Are electric trucks ready for California’s real world of work? It depends on the task
Electric trucks big and small are key to automakers’ and California’s goals to cut emissions of climate concern from transportation, which contributes nearly one-third.
But are these vehicles up to the job? That all depends on what job they’re doing.
Electric, hybrid and alternative-fuel passenger cars have been integrated into government and business fleets for well over a decade, but now major and startup automakers are rolling out all-electric versions of the light-, medium- and heavy-duty trucks commonly in use in North Bay vineyards, construction sites and production yards. And the manufacturers want to know if they’re ready for hire.
One of the latest such trials is a widely publicized partnership Ford Motor Company launched on Jan. 26 with viticultural trade group Sonoma County Winegrowers. Three members – Bevill Vineyard Management, Vino Farms and Dutton Ranch – will be trying out the Michigan automaker’s soon-to-be-released E-Transit vans and F-150 Lightning Pro pickups, along with charging stations and fleet-management software co-developed with Salesforce.
Those growers are the first Ford is working with to try out the pickups, and reservations for deliveries when available have been capped at 200,000, a spokesperson said. The electric vans are set to arrive at the Sonoma County pilot farms in May, with the test pickups set to arrive thereafter.
For Healdsburg wine grape grower Duff Bevill, the estimated mileage per charge of the F-150 Lightning Pro electric pickups and of the E-Transit cargo van would work for the tasks commonly undertaken by his conventional vehicles.
The pickup’s standard battery has an estimated 230-mile range, going up to 300 with a larger battery. The van is expected to have a 126-mile range, according to a Ford spokesperson. However, a Car & Driver review of the pro-oriented pickup said its range could drop to 100-200 miles when towing a significant load.
That doesn’t bother Bevill.
The company buys gasoline and diesel in bulk for the roughly three dozen trucks in the company fleet, which are a mix of half-ton pickups up to class 8 big rigs. The conventional half-ton pickups in the fleet have a range of 300-350 miles on a tank, and common tasks the vehicles are involved with are carrying hundreds of pounds of bagged fertilizer or packages of plastic vine ties from the supplier to a vineyard site.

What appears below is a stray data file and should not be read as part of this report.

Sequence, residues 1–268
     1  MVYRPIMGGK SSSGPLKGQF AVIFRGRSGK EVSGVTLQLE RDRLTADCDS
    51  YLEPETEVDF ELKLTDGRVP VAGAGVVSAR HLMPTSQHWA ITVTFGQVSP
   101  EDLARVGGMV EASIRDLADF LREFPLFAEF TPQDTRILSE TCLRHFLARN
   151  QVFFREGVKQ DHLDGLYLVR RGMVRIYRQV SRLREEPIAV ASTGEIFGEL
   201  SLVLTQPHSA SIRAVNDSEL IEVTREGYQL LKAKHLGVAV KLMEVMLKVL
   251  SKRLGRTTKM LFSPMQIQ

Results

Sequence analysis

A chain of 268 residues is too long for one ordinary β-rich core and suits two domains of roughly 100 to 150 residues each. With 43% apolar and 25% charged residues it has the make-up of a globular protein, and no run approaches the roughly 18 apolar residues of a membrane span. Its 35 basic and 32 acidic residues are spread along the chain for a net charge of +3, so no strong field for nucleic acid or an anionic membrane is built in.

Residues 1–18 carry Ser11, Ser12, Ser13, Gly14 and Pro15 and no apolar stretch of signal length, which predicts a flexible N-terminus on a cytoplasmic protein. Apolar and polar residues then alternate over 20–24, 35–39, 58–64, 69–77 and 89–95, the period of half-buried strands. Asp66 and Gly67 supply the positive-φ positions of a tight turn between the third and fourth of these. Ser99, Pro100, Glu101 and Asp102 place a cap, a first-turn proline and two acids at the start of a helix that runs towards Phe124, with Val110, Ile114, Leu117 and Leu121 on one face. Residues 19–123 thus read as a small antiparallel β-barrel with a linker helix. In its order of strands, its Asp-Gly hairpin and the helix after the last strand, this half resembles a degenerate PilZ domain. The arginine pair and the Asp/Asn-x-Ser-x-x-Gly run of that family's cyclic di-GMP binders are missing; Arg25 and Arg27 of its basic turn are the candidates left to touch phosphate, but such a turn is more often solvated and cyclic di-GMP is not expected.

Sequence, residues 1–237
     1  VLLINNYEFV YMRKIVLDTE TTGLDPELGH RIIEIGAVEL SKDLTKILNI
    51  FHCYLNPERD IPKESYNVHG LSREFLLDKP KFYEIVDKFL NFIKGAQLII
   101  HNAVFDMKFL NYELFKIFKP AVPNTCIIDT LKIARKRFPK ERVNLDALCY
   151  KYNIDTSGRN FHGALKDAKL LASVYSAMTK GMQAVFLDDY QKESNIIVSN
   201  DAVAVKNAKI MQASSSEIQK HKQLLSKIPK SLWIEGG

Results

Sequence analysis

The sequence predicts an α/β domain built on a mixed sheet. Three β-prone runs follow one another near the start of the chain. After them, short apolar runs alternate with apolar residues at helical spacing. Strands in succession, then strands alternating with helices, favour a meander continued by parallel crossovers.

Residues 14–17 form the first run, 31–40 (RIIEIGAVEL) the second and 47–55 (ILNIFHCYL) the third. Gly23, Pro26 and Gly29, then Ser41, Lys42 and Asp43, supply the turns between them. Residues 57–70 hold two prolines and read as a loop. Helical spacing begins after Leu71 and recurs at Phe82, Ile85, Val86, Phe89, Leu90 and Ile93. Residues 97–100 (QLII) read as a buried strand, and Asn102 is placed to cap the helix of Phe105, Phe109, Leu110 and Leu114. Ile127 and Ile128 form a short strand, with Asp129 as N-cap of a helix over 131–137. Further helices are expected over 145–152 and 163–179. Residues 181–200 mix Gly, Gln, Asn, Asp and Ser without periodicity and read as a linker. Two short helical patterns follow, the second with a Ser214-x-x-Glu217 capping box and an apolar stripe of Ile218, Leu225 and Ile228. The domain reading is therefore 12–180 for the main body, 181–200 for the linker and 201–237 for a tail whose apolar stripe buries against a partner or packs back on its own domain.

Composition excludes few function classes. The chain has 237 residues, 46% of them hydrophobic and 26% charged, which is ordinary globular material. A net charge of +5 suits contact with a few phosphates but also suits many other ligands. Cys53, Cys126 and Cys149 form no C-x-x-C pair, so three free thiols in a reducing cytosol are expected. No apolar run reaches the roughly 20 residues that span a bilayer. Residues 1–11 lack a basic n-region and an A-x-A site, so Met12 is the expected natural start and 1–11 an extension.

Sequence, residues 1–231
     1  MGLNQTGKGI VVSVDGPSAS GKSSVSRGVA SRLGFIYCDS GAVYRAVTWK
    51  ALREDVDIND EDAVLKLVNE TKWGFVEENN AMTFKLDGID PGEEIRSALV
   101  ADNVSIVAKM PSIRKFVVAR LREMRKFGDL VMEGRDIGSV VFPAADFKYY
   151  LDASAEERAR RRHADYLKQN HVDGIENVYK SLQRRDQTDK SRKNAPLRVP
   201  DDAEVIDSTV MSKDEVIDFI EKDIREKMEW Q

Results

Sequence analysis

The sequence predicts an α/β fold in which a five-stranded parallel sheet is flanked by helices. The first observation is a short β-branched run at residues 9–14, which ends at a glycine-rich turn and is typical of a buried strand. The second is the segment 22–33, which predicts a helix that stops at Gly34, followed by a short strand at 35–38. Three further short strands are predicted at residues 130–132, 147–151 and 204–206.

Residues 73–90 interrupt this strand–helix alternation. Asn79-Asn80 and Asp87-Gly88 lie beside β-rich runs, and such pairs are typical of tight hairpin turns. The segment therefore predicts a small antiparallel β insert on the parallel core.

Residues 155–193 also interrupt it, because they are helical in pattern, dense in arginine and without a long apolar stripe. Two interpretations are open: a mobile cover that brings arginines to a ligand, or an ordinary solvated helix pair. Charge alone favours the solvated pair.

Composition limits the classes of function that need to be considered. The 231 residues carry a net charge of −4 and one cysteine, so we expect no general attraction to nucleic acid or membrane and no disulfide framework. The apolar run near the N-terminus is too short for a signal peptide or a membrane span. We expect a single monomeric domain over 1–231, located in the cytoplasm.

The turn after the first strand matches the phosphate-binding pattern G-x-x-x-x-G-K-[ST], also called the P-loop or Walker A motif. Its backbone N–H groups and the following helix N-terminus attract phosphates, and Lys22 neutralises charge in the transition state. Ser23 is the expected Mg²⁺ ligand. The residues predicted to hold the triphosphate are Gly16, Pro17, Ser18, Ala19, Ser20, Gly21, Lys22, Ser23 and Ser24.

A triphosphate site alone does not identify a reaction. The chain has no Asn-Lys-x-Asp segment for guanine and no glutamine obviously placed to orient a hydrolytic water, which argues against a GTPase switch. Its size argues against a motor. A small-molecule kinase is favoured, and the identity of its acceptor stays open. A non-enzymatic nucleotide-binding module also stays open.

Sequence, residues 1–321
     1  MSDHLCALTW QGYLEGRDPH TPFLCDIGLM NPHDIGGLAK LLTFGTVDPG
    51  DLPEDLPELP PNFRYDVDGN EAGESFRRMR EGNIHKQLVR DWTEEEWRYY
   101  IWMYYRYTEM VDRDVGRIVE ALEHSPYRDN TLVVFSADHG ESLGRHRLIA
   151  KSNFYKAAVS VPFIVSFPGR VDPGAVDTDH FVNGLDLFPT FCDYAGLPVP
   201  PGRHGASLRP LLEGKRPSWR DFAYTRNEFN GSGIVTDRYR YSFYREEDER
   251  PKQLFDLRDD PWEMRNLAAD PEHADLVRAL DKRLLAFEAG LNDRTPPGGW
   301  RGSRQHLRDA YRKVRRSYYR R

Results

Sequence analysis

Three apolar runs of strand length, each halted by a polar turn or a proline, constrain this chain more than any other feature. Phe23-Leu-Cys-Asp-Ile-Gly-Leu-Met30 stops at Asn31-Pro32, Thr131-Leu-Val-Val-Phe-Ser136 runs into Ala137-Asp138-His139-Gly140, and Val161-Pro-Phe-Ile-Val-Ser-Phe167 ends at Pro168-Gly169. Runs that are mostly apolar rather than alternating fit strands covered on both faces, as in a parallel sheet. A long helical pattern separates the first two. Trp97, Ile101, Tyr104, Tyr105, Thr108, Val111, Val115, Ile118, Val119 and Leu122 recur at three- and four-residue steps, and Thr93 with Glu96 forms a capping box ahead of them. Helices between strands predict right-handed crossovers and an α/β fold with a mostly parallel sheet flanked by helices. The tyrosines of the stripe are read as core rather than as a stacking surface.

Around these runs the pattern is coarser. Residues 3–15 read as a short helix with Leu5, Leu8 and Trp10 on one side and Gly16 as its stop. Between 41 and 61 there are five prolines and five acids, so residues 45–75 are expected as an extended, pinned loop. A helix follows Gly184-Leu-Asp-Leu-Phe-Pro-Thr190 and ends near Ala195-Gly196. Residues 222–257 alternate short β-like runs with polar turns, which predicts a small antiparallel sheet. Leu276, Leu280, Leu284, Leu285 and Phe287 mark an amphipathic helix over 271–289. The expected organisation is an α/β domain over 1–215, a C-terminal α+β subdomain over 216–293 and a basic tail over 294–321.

The diesel big rigs handle the heavy-load tasks of hauling harvesters, tractors and other equipment as well as ferrying up to 22 tons of grapes from vine to winery crushpad.
And he’s rarely seen a queue for refueling at the farm shop because pickups are coming back in during the day with dry tanks.
“None of them I think will need recharging during the day,” Bevill said of the electric pickups. “My foreman who meets crews at the job site may need to recharge once a week, and the guys using (the pickup) more frequently might charge two times a week.”
That limited use would allow the 240-volt level 2 charger Ford is installing as part of the pilot program enough to serve two pickups on overnight charges. The level 2 charger can replenish the pickup battery in about 12 hours, while a DC fast charger can do so in six to eight hours, according to Ford.
The Lightning Pro pickups also can act like a generator to power tools, and they are set to have an onboard scale to factor loads into range estimates and consumption statistics, a Ford spokesperson said.
Bevill is working on getting the pilot E-Transit, which is built on the F-250 chassis, configured as a passenger van instead of for cargo. The company currently uses conventional vans and a bus to ferry farmworkers from its dormitory to the fields.
The company has a fleet rotation schedule for the pickups of 200,000-240,000 miles, selling off vehicles before they need major items, namely a new engine. That results in three or four pickups being added annually, so Bevill is considering making one or two of the additions all-electric.
That calculus could be more appealing when comparing the sticker prices, he said. The Lightning Pro with a standard battery lists for just under $40,000, and $49,000 with the larger module, with as much as $10,000 off via federal and state tax credits. A conventional F-150 can list for $45,000 and requires recurring maintenance costs such as oil changes.
Because Bevill’s Healdsburg farm has a photovoltaic array that has consistently been generating more net power than consumed over its 10-year life, he is not concerned about a hit to his electrical system by installing a number of new chargers.